Abstract: Social Contextual Differences in Neighborhood Areas with Atypically High and Atypically Low Rates of Child Maltreatment Referrals (Society for Social Work and Research 21st Annual Conference - Ensure Healthy Development for all Youth)

Social Contextual Differences in Neighborhood Areas with Atypically High and Atypically Low Rates of Child Maltreatment Referrals

Friday, January 13, 2017: 4:30 PM
Preservation Hall Studio 3 (New Orleans Marriott)
* noted as presenting author
Michael Hurlburt, PhD, Associate Professor, University of Southern California, Los Angeles, CA
Amy He, PhD, PhD Candidate, University of Southern California, Denver, CO
Megan Finno-Velasquez, PhD, Assistant Professor, New Mexico State University, Albuquerque, NM
Ruth Supranovich, MSW, Clinical Associate Professor, Field Education, University of Southern California, Los Angeles, CA
Background: Child maltreatment remains an urgent social welfare and public health dilemma. There is growing recognition that the long-term challenge of child maltreatment requires increased attention to primary prevention and to understanding the ecological context in which maltreatment occurs. Drawing on a framework outlined by Coulton and colleagues (2007), this presentation examines several contextual factors that (a) may affect actual maltreatment rates in local neighborhood areas, including collective efficacy among residents and the occurrence of related social problems and their effects on local residents; and (b) may affect the probability that concerns for children’s wellbeing are reported by local residents.

Methods: Data are derived from a study of Southern California neighborhoods with highly atypical normalized child maltreatment rates.  Using spatial regression models, thirty neighborhoods were identified in San Diego and Los Angeles Counties with maltreatment referral rates much higher (N=15 census tracts) and much lower (N=15) than expected after controlling for tract-level indicators of concentrated disadvantage.  Tracts in the two groups had similar average predicted maltreatment referral rates but very different actual referral rates in 2013/14.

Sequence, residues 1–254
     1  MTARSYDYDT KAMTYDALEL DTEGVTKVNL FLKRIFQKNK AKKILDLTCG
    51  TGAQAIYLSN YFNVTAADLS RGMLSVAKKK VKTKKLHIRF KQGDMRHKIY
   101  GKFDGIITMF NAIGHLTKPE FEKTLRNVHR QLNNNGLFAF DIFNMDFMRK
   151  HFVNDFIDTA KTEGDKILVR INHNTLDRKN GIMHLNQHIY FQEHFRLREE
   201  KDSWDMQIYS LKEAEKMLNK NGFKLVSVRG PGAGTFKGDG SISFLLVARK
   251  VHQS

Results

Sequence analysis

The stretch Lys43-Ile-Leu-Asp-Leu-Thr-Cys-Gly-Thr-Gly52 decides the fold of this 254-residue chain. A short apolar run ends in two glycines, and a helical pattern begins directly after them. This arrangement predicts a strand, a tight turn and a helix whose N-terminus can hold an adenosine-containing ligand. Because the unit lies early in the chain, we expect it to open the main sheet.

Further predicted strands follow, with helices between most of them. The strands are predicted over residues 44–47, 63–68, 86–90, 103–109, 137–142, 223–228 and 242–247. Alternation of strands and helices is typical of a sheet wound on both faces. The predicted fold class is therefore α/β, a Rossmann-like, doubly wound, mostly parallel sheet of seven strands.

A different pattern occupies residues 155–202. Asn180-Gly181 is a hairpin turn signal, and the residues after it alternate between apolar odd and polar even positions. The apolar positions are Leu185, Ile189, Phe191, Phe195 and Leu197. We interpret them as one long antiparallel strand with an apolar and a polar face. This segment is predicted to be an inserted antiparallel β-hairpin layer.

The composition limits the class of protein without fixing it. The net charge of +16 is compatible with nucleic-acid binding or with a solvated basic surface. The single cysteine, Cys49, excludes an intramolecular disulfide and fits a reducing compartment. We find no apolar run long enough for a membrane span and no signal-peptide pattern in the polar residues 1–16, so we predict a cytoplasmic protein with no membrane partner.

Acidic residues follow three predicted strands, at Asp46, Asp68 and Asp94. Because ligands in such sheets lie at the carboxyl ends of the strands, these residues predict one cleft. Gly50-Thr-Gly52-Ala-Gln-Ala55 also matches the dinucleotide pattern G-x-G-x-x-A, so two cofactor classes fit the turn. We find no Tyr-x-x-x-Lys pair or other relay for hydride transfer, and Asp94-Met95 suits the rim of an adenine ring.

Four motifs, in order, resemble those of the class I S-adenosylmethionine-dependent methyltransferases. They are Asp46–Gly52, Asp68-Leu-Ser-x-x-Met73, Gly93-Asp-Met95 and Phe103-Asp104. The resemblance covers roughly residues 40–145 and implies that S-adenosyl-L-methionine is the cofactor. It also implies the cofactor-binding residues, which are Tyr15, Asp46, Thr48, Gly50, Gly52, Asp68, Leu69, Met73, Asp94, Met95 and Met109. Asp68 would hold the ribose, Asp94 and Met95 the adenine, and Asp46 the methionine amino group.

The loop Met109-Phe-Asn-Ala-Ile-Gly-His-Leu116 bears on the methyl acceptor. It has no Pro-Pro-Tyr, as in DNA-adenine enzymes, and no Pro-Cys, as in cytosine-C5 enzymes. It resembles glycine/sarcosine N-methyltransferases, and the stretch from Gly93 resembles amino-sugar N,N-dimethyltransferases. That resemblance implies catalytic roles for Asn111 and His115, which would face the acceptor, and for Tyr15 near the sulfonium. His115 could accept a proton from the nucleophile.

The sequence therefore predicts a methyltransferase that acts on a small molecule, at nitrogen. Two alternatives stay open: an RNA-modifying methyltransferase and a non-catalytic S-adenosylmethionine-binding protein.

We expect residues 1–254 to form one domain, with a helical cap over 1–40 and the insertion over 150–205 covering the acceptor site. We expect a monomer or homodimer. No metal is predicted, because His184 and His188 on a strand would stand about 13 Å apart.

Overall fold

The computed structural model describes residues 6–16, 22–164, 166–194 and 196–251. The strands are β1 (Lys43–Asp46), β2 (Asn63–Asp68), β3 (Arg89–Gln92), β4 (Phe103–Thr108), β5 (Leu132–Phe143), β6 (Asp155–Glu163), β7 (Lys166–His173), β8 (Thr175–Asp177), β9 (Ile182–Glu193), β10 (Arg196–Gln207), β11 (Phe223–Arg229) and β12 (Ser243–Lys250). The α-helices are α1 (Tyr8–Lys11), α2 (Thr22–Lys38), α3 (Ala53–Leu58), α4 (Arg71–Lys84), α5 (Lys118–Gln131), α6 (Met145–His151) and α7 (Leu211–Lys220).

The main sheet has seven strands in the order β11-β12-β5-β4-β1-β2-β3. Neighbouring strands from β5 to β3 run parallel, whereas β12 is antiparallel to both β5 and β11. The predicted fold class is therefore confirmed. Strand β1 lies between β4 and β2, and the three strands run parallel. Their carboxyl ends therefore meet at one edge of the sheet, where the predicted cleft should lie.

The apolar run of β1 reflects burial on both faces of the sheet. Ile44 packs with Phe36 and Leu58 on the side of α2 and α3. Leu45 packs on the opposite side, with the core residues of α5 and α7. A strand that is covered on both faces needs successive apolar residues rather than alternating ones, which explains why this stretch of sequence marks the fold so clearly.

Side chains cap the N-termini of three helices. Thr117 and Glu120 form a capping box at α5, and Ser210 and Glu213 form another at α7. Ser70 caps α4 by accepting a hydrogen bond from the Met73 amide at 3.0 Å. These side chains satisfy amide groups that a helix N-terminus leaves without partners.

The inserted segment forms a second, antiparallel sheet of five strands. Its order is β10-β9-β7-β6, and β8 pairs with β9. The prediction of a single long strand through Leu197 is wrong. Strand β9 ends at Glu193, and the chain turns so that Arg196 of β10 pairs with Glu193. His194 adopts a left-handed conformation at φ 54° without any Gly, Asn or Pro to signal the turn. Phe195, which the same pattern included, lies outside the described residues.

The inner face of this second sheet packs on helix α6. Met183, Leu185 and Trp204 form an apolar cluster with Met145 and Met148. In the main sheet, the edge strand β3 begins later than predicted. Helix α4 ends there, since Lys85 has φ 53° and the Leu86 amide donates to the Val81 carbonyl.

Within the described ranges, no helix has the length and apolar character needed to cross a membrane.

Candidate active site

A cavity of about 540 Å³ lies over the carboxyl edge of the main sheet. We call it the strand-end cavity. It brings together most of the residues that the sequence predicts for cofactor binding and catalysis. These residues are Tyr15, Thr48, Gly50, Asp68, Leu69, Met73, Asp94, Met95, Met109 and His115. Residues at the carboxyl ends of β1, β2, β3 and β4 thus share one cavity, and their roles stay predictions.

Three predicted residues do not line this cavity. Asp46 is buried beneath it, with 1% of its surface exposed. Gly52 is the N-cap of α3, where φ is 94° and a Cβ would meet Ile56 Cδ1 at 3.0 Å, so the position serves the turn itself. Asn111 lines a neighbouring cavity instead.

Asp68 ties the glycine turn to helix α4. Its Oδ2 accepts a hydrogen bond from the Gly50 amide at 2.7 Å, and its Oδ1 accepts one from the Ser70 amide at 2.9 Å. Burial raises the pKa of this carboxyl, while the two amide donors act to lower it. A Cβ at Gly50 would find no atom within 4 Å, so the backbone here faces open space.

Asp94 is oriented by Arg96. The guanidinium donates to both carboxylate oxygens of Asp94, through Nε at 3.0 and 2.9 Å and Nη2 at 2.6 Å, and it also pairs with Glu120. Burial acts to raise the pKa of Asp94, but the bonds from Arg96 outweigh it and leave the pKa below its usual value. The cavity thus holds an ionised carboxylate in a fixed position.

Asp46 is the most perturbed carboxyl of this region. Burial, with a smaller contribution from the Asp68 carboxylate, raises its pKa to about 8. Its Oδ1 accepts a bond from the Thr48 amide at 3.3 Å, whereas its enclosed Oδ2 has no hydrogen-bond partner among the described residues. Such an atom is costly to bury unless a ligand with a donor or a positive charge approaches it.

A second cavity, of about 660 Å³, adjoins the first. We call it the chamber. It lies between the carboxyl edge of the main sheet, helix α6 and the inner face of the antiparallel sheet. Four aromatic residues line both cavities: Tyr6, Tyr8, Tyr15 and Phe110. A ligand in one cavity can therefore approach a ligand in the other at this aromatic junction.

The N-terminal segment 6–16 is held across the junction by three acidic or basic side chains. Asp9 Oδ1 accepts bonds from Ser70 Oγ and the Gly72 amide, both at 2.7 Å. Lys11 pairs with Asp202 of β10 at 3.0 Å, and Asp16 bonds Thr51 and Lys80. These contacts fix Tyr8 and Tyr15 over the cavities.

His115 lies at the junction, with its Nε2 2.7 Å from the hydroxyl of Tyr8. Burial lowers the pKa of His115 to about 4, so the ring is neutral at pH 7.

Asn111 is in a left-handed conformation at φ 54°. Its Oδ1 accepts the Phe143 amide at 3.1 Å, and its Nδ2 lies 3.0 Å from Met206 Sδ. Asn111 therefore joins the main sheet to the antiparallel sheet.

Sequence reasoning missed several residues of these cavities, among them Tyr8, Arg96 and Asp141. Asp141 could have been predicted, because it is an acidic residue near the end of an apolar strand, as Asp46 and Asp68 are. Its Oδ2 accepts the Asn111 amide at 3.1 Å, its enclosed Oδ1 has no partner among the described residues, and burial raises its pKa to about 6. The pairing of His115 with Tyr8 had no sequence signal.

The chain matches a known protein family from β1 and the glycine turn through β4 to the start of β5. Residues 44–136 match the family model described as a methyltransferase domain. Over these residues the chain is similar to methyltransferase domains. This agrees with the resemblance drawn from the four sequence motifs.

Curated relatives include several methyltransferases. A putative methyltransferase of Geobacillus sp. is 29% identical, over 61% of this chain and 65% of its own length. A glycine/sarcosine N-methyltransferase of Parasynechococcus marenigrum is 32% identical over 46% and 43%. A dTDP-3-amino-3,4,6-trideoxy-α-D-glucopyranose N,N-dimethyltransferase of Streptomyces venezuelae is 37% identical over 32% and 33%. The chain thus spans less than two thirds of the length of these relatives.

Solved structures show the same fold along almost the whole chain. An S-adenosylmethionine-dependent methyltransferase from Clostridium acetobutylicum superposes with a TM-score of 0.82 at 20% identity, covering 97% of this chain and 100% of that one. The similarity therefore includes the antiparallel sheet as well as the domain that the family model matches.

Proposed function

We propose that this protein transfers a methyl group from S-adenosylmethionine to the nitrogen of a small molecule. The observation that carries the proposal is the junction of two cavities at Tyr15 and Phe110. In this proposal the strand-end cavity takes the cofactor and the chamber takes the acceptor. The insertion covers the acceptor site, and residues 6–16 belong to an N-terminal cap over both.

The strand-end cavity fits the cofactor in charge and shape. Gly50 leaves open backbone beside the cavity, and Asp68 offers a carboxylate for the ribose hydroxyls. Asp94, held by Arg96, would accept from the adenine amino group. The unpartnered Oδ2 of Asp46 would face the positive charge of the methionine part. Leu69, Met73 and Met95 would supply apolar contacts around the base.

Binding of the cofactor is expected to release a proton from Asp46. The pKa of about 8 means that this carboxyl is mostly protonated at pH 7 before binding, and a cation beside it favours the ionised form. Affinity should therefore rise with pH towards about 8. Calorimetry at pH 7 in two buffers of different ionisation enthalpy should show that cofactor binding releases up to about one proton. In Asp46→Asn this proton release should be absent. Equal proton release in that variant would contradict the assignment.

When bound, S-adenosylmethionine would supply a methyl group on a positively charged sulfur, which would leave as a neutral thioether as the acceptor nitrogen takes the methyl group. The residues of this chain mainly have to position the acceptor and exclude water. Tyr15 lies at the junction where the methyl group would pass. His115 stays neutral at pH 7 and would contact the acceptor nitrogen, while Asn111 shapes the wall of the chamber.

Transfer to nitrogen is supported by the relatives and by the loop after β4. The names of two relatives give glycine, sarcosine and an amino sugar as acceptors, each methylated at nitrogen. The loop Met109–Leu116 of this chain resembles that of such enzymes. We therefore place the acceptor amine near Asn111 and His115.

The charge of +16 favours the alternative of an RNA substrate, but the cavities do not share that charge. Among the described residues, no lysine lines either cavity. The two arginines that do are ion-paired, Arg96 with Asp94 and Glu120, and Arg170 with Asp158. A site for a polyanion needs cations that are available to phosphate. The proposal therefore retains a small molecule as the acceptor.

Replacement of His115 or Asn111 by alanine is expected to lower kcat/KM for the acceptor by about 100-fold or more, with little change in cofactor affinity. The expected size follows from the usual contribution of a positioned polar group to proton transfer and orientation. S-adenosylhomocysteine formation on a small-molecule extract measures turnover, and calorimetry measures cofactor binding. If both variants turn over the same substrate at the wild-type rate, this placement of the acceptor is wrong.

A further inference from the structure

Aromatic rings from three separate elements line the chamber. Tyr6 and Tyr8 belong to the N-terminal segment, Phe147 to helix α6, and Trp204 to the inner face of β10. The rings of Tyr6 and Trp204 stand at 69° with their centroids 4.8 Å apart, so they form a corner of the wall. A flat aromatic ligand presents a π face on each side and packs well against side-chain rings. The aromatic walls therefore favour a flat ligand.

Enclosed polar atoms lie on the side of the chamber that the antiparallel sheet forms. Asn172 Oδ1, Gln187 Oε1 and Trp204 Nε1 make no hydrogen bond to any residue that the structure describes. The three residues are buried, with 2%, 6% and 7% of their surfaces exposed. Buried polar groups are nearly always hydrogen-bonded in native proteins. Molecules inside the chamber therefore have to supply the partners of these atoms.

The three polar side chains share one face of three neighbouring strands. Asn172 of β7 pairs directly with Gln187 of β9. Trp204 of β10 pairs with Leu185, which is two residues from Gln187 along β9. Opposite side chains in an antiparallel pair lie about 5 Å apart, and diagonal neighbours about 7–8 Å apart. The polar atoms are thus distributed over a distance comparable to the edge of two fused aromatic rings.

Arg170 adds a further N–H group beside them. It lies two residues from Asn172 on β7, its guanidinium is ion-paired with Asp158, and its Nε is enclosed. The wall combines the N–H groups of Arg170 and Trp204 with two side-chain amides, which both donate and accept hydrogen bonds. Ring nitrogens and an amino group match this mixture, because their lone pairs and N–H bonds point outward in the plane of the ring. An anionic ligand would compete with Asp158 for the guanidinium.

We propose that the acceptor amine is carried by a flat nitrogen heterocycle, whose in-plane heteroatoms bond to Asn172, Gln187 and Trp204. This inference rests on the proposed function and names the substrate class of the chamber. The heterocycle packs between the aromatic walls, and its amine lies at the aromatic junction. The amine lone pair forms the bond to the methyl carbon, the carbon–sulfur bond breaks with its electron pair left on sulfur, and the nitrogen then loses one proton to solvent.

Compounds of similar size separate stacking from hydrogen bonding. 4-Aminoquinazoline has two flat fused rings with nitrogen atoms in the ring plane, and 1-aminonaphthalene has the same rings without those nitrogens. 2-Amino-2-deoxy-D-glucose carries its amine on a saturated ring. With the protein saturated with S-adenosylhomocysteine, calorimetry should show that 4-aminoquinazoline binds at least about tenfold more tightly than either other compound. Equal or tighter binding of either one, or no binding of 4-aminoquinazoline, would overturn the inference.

Fifteen randomly selected adult residents in each census tract (N=450 total), were interviewed utilizing a structured interview. Topics of attention in this presentation focus on local social dynamics among residents (collective efficacy and extended questions related to collective attention to issues affecting children’s wellbeing), resident perceptions of relationships with government organizations (e.g., police and social services), concerns about a range of local social issues in the neighborhood, and about effects of those issues on personal wellbeing. Anonymous interviews in English and Spanish occurred at local residences.

Differences between areas with atypically high and low child maltreatment referral rates were assessed with multilevel models using Stata.

Results: Confirming results from some prior studies, resident perceptions of collective efficacy clustered within neighborhoods, for all residents within neighborhoods and just residents with children (ICCs>=.06).  Areas with higher rates of maltreatment had lower collective efficacy. Neighborhood areas differed much more substantially with respect to residents’ perceptions of other social issues (violence, alcohol, drugs, gangs) and their personal impacts. Resident perceptions clustered very strongly (ICCs >=.15), particularly so among adults with children. Neighborhoods with atypically high referral rates were perceived as much more dangerous than those with low referral rates. Resident responses did not cluster regarding perceptions of trust in government organizations and did not differ by neighborhood groupings.

Implications: Even after controlling for variables measuring concentrated disadvantage that accounted for 50% of the variance in neighborhood maltreatment referral rates, resident perceptions of neighborhood environments differed substantially in areas with unusually high and low normalized maltreatment rates, suggesting real environmental and cultural differences in local social contexts that may influence the prevalence of child maltreatment. Although resident perceptions of collective efficacy also differed between the two neighborhood groups, differences were much smaller. One important construct that might affect residents’ willingness to report concerns for children’s wellbeing did not differ by the neighborhood groups. Results have a number of implications for prevention strategies, which will be discussed.